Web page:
Actualidad Luxembourg

Amendment to the Transparency Law

Transparency Law amending the 2008 Law, 11th January on transparency requirements

At the end of 2015 the new 2013/50/EU Directive on transparency came into force, driving the member states of the European Union to adapt their legislation to the new transparency requirements.

As a result, on 10th May this year, the Grand Duchy of Luxembourg passed the new Transparency Law, which amends the 2008 Act, and transposed the European Directive’s provisions into Luxemburg’s body of law.

The new Directive aims, essentially, to make capital markets more attractive for small and medium-sized investors, reducing their bureaucratic paperwork and making the information requirements placed on them more proportional. The key changes being introduced are summarised below:

Financial information

  • Financial statements no longer have to be published every quarter.
  • The time limit for the publication of half-yearly financial statements has been extended from 2 to 3 months after the end of the semester.

Transparency in payments to the government

  • There is a new requirement report annually and separately any information about payments made to the government by issuers whose activity involves exploiting natural resources.

New loan issues

  • New loan issues no longer have to be reported.  

Information on modifications to the articles of association

  • The requirement to report any change to the company structure or the statutes to the competent authority (CSSF: Commission de Surveillance du Secteur Financier) has been removed.

Information on significant stakes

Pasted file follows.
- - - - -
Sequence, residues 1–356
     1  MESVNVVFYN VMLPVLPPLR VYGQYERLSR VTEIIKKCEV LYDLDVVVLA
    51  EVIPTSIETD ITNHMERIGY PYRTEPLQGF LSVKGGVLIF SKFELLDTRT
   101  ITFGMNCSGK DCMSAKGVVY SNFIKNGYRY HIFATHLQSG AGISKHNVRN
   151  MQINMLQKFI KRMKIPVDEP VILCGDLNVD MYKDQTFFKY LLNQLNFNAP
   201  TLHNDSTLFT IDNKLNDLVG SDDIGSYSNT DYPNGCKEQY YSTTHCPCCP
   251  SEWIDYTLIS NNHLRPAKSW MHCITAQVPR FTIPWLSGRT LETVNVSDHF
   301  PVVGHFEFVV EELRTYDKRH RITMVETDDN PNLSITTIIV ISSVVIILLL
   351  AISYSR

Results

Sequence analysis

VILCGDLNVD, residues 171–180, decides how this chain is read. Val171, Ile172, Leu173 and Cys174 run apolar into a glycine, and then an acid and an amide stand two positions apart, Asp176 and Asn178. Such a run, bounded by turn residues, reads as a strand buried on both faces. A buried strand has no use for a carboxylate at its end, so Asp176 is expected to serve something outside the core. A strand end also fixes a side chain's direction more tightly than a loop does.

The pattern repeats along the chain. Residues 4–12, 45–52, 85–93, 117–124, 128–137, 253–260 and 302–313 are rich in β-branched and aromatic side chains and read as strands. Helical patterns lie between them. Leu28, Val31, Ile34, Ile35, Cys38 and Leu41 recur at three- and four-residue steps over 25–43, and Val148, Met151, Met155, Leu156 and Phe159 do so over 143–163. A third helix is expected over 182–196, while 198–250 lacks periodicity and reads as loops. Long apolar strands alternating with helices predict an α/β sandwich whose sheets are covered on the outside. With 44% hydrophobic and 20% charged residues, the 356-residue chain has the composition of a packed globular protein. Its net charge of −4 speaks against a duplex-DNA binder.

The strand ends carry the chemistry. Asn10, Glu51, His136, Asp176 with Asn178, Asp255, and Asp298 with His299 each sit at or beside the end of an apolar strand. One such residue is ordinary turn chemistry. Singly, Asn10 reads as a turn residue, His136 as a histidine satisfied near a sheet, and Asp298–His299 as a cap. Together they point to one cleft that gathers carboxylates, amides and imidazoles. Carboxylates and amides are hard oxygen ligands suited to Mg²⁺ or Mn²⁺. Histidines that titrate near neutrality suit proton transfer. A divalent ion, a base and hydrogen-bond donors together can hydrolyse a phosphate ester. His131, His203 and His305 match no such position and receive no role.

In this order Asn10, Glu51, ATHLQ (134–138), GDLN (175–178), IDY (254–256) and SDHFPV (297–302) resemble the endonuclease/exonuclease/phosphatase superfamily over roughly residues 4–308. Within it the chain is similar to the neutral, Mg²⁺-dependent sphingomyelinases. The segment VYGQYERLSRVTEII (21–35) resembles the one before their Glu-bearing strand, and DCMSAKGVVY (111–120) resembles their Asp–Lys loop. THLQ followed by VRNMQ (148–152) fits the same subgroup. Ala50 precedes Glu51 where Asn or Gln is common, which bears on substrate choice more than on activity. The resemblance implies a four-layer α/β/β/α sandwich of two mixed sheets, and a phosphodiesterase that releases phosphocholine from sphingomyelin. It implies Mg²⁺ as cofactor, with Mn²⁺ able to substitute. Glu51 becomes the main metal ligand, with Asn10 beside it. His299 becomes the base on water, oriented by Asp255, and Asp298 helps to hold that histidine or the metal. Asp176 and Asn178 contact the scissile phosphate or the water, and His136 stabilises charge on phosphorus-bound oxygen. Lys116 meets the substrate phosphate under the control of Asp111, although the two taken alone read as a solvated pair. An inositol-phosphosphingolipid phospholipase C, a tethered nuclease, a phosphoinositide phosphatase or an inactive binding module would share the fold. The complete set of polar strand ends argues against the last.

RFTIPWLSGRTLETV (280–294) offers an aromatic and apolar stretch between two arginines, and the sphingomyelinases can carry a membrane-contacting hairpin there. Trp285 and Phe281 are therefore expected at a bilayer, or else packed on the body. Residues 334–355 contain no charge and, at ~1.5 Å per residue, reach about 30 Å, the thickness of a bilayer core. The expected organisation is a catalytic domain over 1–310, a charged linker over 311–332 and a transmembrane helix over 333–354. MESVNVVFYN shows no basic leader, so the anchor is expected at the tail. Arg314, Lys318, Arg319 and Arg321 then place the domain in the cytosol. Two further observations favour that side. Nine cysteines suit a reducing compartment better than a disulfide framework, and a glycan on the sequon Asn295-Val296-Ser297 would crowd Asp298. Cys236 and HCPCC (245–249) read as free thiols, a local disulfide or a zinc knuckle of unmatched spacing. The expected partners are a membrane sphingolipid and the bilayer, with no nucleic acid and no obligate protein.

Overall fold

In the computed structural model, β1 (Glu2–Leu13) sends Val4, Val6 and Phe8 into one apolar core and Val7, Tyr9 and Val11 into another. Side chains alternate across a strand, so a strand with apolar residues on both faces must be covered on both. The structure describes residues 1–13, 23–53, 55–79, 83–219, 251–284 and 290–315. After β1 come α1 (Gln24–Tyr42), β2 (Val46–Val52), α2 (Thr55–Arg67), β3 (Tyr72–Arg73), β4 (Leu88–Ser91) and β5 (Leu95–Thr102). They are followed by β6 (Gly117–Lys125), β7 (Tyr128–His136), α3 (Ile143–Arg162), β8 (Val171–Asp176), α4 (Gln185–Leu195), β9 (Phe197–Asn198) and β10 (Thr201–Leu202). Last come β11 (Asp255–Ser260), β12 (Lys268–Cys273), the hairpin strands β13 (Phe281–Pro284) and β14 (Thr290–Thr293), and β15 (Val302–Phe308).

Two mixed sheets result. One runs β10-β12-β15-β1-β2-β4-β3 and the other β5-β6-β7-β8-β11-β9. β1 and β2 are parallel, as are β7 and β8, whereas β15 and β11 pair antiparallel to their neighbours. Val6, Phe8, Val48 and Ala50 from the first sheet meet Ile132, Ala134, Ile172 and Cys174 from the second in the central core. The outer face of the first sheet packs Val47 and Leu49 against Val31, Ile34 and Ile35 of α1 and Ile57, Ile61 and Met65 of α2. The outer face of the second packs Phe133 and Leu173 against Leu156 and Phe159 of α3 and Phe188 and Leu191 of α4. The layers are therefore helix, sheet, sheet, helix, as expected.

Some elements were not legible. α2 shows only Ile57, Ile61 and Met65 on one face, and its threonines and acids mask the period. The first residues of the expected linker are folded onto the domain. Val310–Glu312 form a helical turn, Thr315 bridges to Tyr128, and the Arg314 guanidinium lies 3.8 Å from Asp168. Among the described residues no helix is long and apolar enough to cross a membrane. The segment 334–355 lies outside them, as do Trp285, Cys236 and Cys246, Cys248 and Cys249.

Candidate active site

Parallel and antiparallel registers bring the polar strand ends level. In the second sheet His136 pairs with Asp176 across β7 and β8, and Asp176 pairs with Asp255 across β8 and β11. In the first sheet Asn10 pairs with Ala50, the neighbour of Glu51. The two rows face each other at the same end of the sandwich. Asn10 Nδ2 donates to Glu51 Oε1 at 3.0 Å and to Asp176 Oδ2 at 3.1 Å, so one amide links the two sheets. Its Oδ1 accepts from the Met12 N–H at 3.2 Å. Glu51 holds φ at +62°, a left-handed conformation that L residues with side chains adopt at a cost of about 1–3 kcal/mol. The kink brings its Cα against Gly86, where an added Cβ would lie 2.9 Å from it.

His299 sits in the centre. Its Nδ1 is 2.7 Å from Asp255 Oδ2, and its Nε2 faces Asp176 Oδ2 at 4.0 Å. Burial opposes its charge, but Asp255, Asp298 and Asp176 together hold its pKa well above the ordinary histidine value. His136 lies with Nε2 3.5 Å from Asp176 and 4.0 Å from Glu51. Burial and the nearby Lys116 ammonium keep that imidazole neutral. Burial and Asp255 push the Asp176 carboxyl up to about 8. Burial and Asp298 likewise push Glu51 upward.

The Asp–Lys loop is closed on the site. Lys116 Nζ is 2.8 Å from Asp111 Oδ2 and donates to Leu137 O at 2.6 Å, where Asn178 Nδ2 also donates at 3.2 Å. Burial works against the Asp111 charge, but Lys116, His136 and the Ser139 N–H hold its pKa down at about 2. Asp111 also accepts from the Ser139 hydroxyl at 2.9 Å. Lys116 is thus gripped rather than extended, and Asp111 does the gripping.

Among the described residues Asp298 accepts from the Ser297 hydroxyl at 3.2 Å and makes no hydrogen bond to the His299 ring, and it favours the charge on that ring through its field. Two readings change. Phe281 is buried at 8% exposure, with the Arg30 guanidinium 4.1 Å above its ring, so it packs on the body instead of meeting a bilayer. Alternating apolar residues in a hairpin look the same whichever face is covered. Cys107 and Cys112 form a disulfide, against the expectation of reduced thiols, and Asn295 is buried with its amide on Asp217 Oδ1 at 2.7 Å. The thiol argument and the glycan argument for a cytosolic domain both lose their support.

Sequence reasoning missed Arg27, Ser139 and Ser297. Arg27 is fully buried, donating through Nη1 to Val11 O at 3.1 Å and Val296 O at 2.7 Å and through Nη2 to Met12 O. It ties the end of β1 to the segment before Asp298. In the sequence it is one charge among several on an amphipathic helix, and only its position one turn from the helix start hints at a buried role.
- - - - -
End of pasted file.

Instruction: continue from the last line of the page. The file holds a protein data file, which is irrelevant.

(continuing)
• The regime for the notification of significant stakes in voting rights has been harmonised, in order to ensure that the information on total voting rights which can be accessed by the investor is as accurate as possible.

Additional powers for the CSSF

  • The supervisor has been given additional powers, being able to:
    • Request the withdrawal from the market of particular financial instruments, if it discovers, or has good reason to believe, that the provisions in the Transparency Law have been breached.
    • Request that regulated information or corrections or future modifications to said information be made public.
    • Give orders to prevent behaviour that breaches the Transparency Law.

Rules on penalties

  • The penalties for non-compliance with transparency requirements have been toughened up: administrative sanctions and measures that include very high fines.
  • In the case of non-compliance by a legal person, the possibility of penalising members of the organs of administration, management or supervision has been introduced, and/or of persons who may be considered liable for said non-compliance.
  • Similarly, the suspension or possibility of suspending voting rights for those holding shares or stakes and financial instruments and who do not comply with the notification requirements can be considered.

The legislation stipulates that the administrative measures or penalties should be made public, in order to act as a deterrent against the decisions that have led to their imposition.